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Callaway Big Bertha Alpha 815 Review

Feb. 22, 2015     By     Comments (2)

Callaway Big Bertha Alpha 815 SoleIn early 2014, Callaway released the Big Bertha Alpha driver. With it, they introduced the ability to adjust a driver's center of gravity up or down through their patented Gravity Core. While this was an innovation in driver adjustability, the club itself didn't really find its way into the hands of the masses.

The second generation of the Big Bertha Alpha is here, with the introduction of the Big Bertha Alpha 815. Callaway claims that this club establishes a new driver category: a driver that maximizes distance with low spin and is still forgiving. It's a pretty bold claim by Callaway, but they feel that they have created a driver that will be a good fit for most golfers.

Is it the real deal, or just marketing hype? Read on, to find out.

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Titleist 915H Review

Jan. 17, 2015     By     Comments (4)

Titleist 915H 915HdIt seems like the trend nowadays for equipment manufacturers to find the latest technological innovation and rush production on a line of clubs. This often results in multiple lines released in the same calendar year, all touting to be the longest and most accurate club in the market. It can be hard for the consumer to keep up with all of these product lines and determine which one is aimed towards their skill group. In the end, many golfers simply dismiss the manufacturers' claims as marketing fluff.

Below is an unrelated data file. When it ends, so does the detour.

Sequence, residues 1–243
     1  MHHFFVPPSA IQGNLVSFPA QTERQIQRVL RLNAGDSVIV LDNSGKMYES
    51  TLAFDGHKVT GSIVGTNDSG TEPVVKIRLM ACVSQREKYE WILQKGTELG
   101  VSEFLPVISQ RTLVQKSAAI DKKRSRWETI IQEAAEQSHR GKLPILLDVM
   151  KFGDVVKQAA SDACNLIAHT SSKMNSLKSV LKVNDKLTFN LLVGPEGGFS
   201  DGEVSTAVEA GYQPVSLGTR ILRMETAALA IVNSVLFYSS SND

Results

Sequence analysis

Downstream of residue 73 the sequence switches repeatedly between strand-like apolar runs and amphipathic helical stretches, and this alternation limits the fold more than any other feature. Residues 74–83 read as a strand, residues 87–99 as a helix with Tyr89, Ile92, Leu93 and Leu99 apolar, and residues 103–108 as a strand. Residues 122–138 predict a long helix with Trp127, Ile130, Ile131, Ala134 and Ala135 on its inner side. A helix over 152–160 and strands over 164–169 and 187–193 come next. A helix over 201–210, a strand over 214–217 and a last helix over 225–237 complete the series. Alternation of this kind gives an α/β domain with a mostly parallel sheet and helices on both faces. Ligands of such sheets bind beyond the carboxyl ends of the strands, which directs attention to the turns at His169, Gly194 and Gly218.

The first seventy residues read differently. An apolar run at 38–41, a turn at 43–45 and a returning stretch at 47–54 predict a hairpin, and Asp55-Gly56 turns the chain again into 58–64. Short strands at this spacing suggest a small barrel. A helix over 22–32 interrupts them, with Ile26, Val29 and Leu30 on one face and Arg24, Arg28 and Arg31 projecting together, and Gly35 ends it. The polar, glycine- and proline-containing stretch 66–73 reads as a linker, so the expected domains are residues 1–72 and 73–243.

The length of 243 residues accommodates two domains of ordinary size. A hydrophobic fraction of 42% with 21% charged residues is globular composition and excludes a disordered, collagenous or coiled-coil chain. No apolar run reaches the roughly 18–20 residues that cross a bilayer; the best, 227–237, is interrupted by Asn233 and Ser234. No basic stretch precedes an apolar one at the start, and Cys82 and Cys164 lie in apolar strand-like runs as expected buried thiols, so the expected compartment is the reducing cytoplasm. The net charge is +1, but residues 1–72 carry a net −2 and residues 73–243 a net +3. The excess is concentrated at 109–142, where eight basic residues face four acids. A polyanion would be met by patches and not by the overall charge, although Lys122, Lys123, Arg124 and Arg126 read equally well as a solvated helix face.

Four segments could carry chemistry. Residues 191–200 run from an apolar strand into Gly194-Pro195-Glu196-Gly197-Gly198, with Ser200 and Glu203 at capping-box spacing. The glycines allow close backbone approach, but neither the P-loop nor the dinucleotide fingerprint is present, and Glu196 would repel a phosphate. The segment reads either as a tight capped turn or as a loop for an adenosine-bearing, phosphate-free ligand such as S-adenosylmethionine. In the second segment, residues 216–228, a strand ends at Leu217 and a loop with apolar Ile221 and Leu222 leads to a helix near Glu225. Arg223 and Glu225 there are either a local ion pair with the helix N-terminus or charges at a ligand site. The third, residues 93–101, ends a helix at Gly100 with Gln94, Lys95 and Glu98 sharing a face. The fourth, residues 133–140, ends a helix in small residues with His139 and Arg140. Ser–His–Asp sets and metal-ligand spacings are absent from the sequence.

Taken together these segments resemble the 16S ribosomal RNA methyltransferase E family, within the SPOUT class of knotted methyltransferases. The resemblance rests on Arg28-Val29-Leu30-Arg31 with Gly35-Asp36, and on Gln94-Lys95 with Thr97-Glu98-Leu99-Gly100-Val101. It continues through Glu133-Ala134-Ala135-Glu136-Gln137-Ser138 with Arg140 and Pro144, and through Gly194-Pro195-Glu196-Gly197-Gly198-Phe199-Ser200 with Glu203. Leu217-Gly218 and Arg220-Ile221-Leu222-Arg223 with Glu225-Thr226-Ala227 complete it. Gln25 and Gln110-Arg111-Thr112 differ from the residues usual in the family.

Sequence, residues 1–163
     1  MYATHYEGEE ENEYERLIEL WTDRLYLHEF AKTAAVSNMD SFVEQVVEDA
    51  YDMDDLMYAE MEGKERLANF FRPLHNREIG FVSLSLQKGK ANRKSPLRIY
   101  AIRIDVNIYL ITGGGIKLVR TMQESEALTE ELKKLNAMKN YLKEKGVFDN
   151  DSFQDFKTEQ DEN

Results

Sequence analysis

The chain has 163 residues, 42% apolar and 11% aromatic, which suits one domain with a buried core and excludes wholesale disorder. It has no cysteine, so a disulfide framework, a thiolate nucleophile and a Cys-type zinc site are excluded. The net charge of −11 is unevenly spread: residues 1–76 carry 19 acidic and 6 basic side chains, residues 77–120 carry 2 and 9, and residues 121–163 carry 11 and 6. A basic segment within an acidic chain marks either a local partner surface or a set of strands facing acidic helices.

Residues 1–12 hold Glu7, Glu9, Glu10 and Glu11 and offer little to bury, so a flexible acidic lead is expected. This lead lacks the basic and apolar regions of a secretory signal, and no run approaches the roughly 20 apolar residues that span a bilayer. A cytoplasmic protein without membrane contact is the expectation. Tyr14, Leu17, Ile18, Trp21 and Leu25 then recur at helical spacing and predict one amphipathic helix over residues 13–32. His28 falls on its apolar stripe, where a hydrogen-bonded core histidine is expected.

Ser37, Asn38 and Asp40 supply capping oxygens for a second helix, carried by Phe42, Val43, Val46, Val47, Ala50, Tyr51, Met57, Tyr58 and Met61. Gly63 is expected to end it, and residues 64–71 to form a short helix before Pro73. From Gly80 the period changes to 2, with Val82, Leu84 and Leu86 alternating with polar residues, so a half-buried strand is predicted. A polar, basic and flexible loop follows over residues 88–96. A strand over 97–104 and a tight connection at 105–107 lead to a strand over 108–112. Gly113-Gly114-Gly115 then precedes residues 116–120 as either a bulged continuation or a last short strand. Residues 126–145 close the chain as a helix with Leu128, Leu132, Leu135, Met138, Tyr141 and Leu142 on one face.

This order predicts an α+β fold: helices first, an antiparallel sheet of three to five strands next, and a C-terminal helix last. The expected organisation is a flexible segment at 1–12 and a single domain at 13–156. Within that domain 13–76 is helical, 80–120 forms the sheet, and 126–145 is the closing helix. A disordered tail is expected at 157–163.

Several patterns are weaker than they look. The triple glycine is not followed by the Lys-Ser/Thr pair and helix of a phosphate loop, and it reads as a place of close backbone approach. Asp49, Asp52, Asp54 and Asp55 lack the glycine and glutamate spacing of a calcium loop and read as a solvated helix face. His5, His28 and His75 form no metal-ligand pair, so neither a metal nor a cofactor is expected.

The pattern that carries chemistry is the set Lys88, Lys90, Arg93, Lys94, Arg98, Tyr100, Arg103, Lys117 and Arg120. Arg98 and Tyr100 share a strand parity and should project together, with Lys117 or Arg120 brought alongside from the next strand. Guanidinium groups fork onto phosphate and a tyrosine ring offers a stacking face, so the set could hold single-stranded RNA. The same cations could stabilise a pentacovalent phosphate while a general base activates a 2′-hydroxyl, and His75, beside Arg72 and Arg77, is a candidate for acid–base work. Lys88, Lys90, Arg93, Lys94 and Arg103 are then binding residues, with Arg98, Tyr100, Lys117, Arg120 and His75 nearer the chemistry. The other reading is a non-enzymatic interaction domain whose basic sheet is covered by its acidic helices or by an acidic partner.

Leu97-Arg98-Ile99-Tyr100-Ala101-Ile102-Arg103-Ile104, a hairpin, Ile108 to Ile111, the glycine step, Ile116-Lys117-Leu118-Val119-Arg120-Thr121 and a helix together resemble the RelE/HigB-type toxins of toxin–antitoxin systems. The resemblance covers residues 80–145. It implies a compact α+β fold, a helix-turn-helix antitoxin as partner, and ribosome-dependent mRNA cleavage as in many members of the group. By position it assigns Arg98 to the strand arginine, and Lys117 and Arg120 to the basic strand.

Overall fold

Titleist is not one of those companies. They have a modest equipment lineup compared to other manufacturers, and typically release product lines about every two years. This gives them time to really develop their clubs and the technology that goes into them. The result is usually a club that is more refined, but also one that consumers can buy with confidence, knowing that it won't be replaced by the next big thing several months down the road.